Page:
Hieronder het artikel uit Chambers’s cyclopædia of English Literature uit 1886 over John Gower.
OHN GOWER is supposed to have been born about the year 1325. He was consequently a few years older than Chaucer, whom he survived eight years.
Gower was a member of a knightly family, an esquire of Kent, and possessed of estates in several counties. In 1368 the daughter and co-heiress of Sir Robert Gower of Multon, in Suffolk, conveyed to the poet the manor of Kentwell. In 1399 Gower had, as he himself states, become old and blind. He made his will in August 1408, and must have died shortly afterwards, as his widow administered to his effects in October of that year.
From his will it appears that the poet possessed the manors of Southwell in Nottinghamshire, and Multon in Suffolk. He also left his widow a sum of £100, and made various bequests to churches and hospitals. He was ineterred in the church of St.Mary Overies – now St.Saviour’s – in Southwark, where he had founded a chantry. His monument, containing a full-length figure of the poet, is still preserved, and was repaired in 1832 by the Duke of Sutherland, head of the ancient family of Gower, settled in Yorkshire, so early as the twelfth century.
The principal works of Gower were the Speculum Meditantis, the Vox Clamantis, and the Confessio Amantis, 1393. The first of these was in French, but it is now lost; the second is in Latin, and the third in English. This English poem was printed by Caxton in 1483, and was again printed in 1532 and 1554. It was chiefly taken from a metrical version in the Pantheon, or Universal Chronicle of Godfrey of Viterbo, as admitted by Gower. In this work is the story of Appolinus, the Prince of Tyre, from which Shakespeare took part of the story of his Pericles, if we assume that Shakespeare was the original or sole author of that drama.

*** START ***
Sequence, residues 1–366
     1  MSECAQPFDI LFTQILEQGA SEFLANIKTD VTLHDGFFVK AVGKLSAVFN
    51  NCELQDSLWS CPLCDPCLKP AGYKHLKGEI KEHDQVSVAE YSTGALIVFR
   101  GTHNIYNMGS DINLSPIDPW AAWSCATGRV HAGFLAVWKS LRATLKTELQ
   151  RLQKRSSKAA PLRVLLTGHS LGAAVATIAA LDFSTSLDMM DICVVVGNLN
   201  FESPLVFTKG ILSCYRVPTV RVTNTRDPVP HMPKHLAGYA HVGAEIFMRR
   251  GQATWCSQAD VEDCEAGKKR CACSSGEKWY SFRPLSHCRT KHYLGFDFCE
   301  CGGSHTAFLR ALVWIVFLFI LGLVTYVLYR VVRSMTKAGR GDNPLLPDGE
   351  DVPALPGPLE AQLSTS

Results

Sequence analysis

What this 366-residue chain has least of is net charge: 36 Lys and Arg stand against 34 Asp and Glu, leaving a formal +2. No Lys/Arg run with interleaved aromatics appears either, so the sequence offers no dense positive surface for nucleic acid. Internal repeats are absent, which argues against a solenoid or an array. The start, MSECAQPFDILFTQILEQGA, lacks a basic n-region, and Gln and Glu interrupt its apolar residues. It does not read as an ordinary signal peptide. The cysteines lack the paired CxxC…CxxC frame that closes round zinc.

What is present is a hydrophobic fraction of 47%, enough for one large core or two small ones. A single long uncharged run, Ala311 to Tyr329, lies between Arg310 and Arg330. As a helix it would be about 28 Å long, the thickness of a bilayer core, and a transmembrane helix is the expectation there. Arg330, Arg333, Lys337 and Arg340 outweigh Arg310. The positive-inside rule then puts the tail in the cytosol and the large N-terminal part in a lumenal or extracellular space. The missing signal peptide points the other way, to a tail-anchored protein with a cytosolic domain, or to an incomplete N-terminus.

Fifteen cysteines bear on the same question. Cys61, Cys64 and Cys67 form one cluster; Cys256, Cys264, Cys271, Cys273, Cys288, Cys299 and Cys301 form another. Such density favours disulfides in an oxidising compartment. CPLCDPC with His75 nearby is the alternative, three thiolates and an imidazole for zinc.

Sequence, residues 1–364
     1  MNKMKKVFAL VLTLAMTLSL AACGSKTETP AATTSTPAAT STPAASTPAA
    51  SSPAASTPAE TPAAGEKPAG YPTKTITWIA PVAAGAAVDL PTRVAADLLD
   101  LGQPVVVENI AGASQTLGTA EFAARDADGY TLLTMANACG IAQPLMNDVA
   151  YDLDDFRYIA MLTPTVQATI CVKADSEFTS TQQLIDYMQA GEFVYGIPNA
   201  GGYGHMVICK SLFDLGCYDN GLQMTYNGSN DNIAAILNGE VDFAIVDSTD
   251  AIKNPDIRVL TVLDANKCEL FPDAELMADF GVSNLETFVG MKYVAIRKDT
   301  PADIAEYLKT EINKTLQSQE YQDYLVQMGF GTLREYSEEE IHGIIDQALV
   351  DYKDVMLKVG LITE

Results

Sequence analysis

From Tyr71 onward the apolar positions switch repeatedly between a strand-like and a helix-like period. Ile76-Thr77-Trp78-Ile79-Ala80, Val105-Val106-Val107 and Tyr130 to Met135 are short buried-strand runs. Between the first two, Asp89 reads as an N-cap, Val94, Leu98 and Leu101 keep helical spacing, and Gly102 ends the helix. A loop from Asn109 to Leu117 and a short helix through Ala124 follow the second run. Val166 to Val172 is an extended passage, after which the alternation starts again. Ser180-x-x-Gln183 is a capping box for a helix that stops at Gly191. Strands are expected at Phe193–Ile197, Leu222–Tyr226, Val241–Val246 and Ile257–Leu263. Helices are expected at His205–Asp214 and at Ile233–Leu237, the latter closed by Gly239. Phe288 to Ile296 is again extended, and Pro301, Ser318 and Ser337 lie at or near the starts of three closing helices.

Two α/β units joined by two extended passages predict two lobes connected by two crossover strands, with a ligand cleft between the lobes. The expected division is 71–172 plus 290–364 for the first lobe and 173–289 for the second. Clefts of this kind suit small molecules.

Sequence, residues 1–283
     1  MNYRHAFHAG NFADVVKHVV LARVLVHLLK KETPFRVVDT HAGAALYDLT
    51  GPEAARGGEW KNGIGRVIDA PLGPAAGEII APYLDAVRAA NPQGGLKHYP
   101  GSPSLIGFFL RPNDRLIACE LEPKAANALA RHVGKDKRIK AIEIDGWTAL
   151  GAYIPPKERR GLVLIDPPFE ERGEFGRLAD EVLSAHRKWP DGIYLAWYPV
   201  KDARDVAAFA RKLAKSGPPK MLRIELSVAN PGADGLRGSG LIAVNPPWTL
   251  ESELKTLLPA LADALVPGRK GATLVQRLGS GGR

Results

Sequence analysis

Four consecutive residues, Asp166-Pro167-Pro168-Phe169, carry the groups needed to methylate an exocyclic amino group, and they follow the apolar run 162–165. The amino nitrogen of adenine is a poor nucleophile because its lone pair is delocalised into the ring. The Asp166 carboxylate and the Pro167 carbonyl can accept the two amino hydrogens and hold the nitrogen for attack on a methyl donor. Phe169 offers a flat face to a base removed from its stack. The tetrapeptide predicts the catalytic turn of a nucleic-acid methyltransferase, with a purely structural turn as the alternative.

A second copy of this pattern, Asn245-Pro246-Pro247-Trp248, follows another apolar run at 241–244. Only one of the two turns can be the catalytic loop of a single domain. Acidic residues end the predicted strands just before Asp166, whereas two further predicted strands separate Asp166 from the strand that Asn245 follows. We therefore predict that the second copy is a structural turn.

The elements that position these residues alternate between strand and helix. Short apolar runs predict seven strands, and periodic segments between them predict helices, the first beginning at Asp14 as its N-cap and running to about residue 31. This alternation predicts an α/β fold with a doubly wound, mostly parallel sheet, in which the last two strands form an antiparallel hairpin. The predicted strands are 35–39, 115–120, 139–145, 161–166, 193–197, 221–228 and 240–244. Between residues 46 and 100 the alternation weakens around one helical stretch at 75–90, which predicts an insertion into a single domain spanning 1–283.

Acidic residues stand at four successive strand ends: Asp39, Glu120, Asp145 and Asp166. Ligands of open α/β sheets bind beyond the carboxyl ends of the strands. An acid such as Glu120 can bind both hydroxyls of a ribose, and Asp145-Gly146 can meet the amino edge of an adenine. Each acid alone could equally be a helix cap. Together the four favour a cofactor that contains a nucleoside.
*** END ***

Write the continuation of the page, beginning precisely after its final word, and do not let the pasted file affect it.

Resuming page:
The Confessio Amantis is a dialogue between a lover and his confessor – a grave discussion of the morals and metaphysics of love. Dr.Pauli, the able editor of the poem (1857), describes it as “a mixture of classical notions, principally borrowed from Ovid, and of the purely medieval idea, that, as a good Catholic, the unfortunate lover must state his distress to a father confessor.” In the poem, Venus is enjoined to “greet well” Chaucer,
As my disciple and my poete;
and the greater poet, inscribed his Troilus and Cressida to his friend as “moral Gower”, a designation which has ever since been applied to him.
The general style of Confessio Amantis is grave and sententious, and its enormous length (above thirty thousand lines) renders it tedious; but it is occasionally relieved by stories and episodes drawn from medieval history and romance, and from the collection of novels known as the Gesta Romanorum. He says:
Full oft time it falleth so
My ear with a good pittance
Is fed, with reading of romance
Of Isodyne and Amadas
That whilom were in my case;
And eke of other many a score,
That loved long ere I was bore:
For when I of their loves read,
Mine ear with the tale I feed;
And with the lust of their histoire
Sometime I draw into memoire,
How sorrow may not ever last,
And so hope cometh in at last.